We can conclude that in patients with resistant schizophrenia, there is a convergence of disorders involving the frontal lobe (20–22) with combined disorders in the thought process, behavior, which also reflect the degree of neuroprogression. In them, the mechanisms of neuroprogression and neurodegeneration exceed the possibilities of neuroregeneration and neuroprotection, as well as the potential of antipsychotic medications to restore the balance of these two parallel processes. With this dynamic development at the level of neurons, neuronal populations and connections in the CNS over time, we can expect a gradient deterioration in the absence of clinically relevant therapeutic attempts to stop neurodegenerative and stimulate neuroplasticity and neuroprotection processes.
In this regard, we can point out that some non-pharmacological methods of influence, such as TMS, in our opinion, are not sufficiently used in practice. TMS has shown its potential for therapeutic influence both in patients with schizophrenia and in those with obsessive–compulsive disorder (94–96).
One of the limitations of our study is that we do not have information about the previous values of OCS to be able to make an observation over time, as well as to evaluate the influence of one or another factor on these symptoms. Another limitation of our study is related to the fact that we cannot make a connection between a particular antipsychotic medication and the presence of obsessive–compulsive symptoms. The patients observed by us have had previous psychotic episodes and have taken various medications, with a large number of them using more than one antipsychotic medication in search of an optimal therapeutic effect and minimal side effects. In the evaluation of patients, we have adhered to the consensus on resistance, in which equating drug therapy to chlorpromazine equivalents is required (although clinical practice has shown different effects of different medications in individual patient).
We have used the accepted criteria for resistance in patients with schizophrenia and we hope to follow the condition of the patients over time by being able to go along with both the stability of the criteria used and the dynamics of the points in the scales used.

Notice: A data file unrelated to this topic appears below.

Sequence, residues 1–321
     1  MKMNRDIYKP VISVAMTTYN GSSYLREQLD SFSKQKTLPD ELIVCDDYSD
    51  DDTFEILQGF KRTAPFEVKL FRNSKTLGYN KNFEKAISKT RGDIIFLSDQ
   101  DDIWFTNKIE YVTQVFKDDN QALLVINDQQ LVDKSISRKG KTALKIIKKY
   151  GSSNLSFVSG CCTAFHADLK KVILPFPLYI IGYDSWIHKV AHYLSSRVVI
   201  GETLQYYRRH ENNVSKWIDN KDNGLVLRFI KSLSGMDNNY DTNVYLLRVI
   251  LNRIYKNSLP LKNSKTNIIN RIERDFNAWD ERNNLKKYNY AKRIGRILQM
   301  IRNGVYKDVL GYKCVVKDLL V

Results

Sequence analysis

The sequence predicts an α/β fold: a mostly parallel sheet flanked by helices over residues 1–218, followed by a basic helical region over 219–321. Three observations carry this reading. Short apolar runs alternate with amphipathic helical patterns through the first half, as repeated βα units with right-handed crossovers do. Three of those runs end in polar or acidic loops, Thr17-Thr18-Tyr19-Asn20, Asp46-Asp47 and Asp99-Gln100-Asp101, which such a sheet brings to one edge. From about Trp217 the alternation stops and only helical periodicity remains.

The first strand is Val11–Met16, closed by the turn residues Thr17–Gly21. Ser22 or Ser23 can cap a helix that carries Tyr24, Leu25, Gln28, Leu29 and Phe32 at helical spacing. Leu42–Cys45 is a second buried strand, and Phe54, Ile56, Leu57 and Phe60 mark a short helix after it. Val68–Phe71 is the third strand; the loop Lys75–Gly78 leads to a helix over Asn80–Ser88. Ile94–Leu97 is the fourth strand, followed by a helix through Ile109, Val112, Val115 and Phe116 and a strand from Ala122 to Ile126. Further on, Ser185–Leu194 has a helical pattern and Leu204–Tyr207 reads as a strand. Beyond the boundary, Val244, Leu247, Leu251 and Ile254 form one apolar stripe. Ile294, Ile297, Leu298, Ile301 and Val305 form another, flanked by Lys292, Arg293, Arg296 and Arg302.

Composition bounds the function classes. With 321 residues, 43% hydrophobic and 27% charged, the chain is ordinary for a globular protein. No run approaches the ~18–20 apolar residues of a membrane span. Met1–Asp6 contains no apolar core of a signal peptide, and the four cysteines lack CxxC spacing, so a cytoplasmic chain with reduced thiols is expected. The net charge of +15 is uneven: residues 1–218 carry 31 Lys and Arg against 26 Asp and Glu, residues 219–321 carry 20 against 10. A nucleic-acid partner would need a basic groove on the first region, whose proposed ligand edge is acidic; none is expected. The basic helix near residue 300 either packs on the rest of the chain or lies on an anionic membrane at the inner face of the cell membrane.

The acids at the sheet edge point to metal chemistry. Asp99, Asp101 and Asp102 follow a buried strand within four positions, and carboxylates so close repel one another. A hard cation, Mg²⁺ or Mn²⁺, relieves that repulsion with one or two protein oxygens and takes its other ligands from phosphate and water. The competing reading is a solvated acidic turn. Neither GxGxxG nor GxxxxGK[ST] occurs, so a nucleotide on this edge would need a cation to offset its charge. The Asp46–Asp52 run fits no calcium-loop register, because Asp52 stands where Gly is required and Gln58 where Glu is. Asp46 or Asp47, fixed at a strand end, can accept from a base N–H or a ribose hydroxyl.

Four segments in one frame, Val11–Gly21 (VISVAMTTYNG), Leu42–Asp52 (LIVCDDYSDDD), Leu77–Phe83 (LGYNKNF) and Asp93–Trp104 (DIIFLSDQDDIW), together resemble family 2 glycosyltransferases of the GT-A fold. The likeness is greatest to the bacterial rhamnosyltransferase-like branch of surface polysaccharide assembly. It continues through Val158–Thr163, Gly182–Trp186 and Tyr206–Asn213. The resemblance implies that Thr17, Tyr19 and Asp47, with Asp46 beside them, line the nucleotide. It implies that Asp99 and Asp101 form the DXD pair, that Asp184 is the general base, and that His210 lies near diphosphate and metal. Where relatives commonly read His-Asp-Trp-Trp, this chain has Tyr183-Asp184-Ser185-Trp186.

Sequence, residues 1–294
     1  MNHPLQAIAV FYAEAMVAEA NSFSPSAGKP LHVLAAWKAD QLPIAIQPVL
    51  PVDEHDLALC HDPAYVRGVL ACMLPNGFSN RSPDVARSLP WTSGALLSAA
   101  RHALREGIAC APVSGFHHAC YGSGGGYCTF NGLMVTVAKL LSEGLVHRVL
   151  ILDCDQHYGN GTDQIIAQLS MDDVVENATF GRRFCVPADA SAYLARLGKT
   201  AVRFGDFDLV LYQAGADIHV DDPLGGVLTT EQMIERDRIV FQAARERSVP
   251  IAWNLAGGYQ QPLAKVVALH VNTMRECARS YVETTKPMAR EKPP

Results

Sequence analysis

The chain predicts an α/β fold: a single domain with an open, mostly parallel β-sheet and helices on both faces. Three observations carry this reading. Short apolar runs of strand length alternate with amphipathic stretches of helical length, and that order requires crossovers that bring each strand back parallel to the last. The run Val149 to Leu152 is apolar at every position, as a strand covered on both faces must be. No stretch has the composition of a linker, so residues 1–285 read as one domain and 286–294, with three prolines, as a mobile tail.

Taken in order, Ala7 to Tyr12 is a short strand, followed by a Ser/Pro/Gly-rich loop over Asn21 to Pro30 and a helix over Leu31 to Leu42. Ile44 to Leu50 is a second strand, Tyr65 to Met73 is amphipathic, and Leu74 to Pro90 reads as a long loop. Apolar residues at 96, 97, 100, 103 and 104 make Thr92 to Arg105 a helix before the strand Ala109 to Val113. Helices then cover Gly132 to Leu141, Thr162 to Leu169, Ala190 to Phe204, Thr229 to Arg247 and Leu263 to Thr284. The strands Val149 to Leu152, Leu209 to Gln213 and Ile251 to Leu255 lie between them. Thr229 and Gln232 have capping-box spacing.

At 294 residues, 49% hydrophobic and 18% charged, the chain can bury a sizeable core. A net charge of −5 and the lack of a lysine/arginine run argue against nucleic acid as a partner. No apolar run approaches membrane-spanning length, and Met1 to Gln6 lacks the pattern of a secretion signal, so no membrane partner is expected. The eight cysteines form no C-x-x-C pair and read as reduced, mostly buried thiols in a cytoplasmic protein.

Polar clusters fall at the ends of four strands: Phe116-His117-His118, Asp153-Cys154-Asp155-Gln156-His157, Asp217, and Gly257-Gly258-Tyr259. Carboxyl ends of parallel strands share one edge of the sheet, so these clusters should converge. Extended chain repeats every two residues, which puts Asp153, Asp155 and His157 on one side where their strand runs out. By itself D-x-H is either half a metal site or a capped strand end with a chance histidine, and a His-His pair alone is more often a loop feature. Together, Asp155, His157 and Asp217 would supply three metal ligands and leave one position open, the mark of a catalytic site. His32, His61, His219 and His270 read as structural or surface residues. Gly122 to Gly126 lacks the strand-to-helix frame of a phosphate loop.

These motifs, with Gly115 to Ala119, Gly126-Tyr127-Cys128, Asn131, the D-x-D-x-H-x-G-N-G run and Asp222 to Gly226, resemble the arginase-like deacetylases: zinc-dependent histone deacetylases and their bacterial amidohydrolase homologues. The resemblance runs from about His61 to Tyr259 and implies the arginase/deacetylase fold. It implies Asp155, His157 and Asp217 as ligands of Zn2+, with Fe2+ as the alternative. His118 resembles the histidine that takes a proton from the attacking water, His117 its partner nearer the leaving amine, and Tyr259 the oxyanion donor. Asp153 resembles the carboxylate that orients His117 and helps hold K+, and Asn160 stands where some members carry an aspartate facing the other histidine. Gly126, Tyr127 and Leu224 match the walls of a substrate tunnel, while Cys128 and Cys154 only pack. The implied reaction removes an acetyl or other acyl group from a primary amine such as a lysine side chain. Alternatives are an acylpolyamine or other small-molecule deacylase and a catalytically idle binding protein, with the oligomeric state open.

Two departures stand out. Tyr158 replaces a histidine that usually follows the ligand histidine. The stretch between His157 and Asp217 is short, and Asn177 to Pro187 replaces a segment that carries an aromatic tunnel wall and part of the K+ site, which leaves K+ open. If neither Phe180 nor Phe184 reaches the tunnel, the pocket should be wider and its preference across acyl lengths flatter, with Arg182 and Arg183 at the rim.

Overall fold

We found a relationship between resistance in patients with schizophrenia and the severity of obsessive–compulsive symptoms. Positive symptoms are the ones that usually attract more attention from therapists, while other discrete behavioral changes often go unnoticed. Our results provide grounds in clinical practice to pay particular attention to the scale for disorganized symptoms as well as to the duration of the schizophrenic process in the assessment of patients. In the presence of expressiveness of the points on the disorganized scale or in the case of a longer duration of schizophrenia, it is appropriate to think about underlying obsessive–compulsive symptoms for which the corresponding therapeutic intervention is recommended. These observations of ours show that one of the recommendations in therapeutic interventions for resistant patients should also be related to the search for strategies to reduce obsessive–compulsive symptoms in the direction of remission as a clinical goal.
Data availability statement
The raw data supporting the conclusions of this article will be made available by the authors, without undue reservation.
The studies involving human participants were reviewed and approved by Ethical Committee of University Hospital “Prof. Dr. Stoyan Kirkovich” Stara Zagora, protocol code TR3-02-242/30 December 2021. The patients/participants provided their written informed consent to participate in this study.
Conceptualization, data collection and analysis by GP, writing, editing and graphics by PP. All authors listed have made a substantial, direct, and intellectual contribution to the work and approved it for publication.
We would like to express our gratitude to all those who helped us during the writing of this article and thank to all the peer reviewers for their opinions and suggestions.
Conflict of interest
The authors declare that the research was conducted in the absence of any commercial or financial relationships that could be construed as a potential conflict of interest.
All claims expressed in this article are solely those of the authors and do not necessarily represent those of their affiliated organizations, or those of the publisher, the editors and the reviewers. Any product that may be evaluated in this article, or claim that may be made by its manufacturer, is not guaranteed or endorsed by the publisher.
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Keywords: resistant schizophrenia, obsessive–compulsive symptoms, consensus, disorganized symptoms, dimensional obsessive-compulsive symptoms scale, schizophrenia, positive and negative syndrome scale, duration
Citation: Panov G and Panova P (2023) Obsessive-compulsive symptoms in patient with schizophrenia: The influence of disorganized symptoms, duration of schizophrenia, and drug resistance. Front. Psychiatry. 14:1120974. doi: 10.3389/fpsyt.2023.1120974
Edited by:Masaru Tanaka, University of Szeged (ELKH-SZTE), Hungary
Reviewed by:Simone Battaglia, University of Turin, Italy
Chong Chen, Yamaguchi University Graduate School of Medicine, Japan
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*Correspondence: Georgi Panov, ✉ email@example.com